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neither shall the Arab pitch tent there; nor shall the shepherds cause” their flocks “ to lie there,” v. 20. No language could more strongly depict its utter desolation. It was not only never again to be inhabited as a city, but no family or even individual was to reside in it from generation to generation. The Arabs that were for a long series of ages to have possession of the neighboring territory, were not even in their marches to pitch tent there; and the shepherds that were to pasture their flocks in the surrounding plains, were not to cause them to lie down there. But it was not only to be shunned by human beings; it was to become the abode of wild and worthless animals, that choose the most solitary and dismal scenes for their residence.

30. Metaphor in the use of full. “But creatures of the desert shall lie there, and their houses shall be full of howls, and there shall the daughters of the ostrich dwell, and wild goats shall gambol there,” v. 21.

31. Elliptical metaphor in the use of daughters for the female young or brood of the ostrich.

32. Metaphor in the use of near, which is an adjective of place instead of time. " And wolves shall howl in his houses, and jackals in their luxurious palaces. And her time is near to come, and her days shall not be prolonged,” v. 22. The symbolic Babylon of the Apocalypse is in like manner to become, on its fall, the dwelling of the most odious moral beings. “Great Babylon is fallen, is fallen, and is become the habitation of devils, and the hold of every foul spirit, and a cage of every unclean and hateful bird.”—Chap. xviii. 2.


What is the figure in verse 11 How does it appear that it is not a metaphorf Was the prediction communicated to the prophet! What is the figure, verse 21 Who was addressed? Who is addressed in verse 3! What figure is used ? Is it appropriate and lofty? What is the first figure, verse 4? What was it that the prophet heard? What is the second! What is the character of the verse! What figure is used, verse 5? What figure occurs first in verse 6? What was the day of Jehovah! What words are used figuratively, verse 6? What figure besides is there in it? By what figure is “melt” used, verse 7, and what does it express ? What nouns are used by a figure, verse 8, and how! What verb in it is used by a figure, and how? What figure is the third in the verse? What is the fourth? What does the last imply? Explain the figure, verse 9? What figure is used, verse 10? Explain it. Name and explain the figures, verse 11. Is there any figure in verse 12? Name and explain the chief figure, verse 13. What is its character? What other figure is there in it! Point out the figures, verses 14, 15. What is taught by them! What figures occur, verses 17, 18? Explain them. Explain the first figure, verse 19. Explain the second figure, verse 19! What is taught, verse 20! What figures occur, verse 21! What word is used by a figure, verse 22? Explain it.





The knowledge and observance of the laws of figures in the interpretation of the Scriptures, especially of the prophetic parts, are necessary, not only to unfold their sense with adequate certainty and vividness, but to rescue them from misconstructions and perversions to which the ordinary method of exposition subjects them. As the figures which we have enumerated and explained are the only figures of language, and the laws which we have stated are their only laws, the common method of interpretation, which assumes that there are other species of figures, and other laws of their construction, mistakes literal for tropical language often, confounds the different figures with each other, and disregards their proper nature_involves the most serious errors.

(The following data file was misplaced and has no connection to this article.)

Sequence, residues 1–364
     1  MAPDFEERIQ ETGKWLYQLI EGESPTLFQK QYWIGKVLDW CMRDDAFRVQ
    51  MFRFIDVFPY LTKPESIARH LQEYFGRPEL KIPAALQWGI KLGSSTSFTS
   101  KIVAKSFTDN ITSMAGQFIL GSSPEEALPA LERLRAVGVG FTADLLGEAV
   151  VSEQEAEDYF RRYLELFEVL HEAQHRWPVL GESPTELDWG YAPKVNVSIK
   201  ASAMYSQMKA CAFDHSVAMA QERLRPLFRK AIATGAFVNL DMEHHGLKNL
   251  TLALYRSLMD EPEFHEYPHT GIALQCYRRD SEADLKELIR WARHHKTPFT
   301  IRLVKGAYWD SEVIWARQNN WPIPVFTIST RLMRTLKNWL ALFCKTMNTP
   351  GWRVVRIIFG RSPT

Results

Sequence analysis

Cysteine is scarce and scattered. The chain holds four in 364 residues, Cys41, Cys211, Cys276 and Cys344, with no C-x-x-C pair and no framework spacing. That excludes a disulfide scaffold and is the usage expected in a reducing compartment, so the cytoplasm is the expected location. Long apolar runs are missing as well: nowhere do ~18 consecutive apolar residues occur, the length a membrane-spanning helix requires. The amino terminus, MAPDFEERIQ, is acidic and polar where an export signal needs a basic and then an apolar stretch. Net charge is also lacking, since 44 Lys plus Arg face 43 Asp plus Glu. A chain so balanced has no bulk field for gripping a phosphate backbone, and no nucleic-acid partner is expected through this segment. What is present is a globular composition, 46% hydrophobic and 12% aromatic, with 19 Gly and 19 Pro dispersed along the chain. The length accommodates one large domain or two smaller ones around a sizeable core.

Of these, one of the most frequent is the disregard of the peculiar office which the figures fill, and ascription to them of an undefined, vague, and indeterminable power. To get rid of the grammatical sense of passages, interpreters often pronounce them figurative, without determining what their figures are, if they involve any, or showing what effect they have on their meaning, as though their being tropical, if they are so, were a proof, on the one hand, that their philological is not their true meaning; and, on the other, that their real sense is either vague and uncertain, or else left to be determined by conjecture or fancy. The result accordingly is, a rejection of their true meaning, and the substitution of a false one in its place. If such passages were really figurative, these interpreters should be able to show what the specific tropes are that exist in them, and constitute them figurative; and prove, by their proper laws, that they are the vehicle of that special sense which they ascribe to them. That they do not, and cannot do this, is at once a proof of the error of their construction, and of their want of a just understanding of the nature and laws of figurative language. Instead of rendering the meaning of propositions obscure and uncertain, the very office of tropes is to exemplify and illustrate the objects to which they are applied by analogies, and set forth the thoughts which are meant to be

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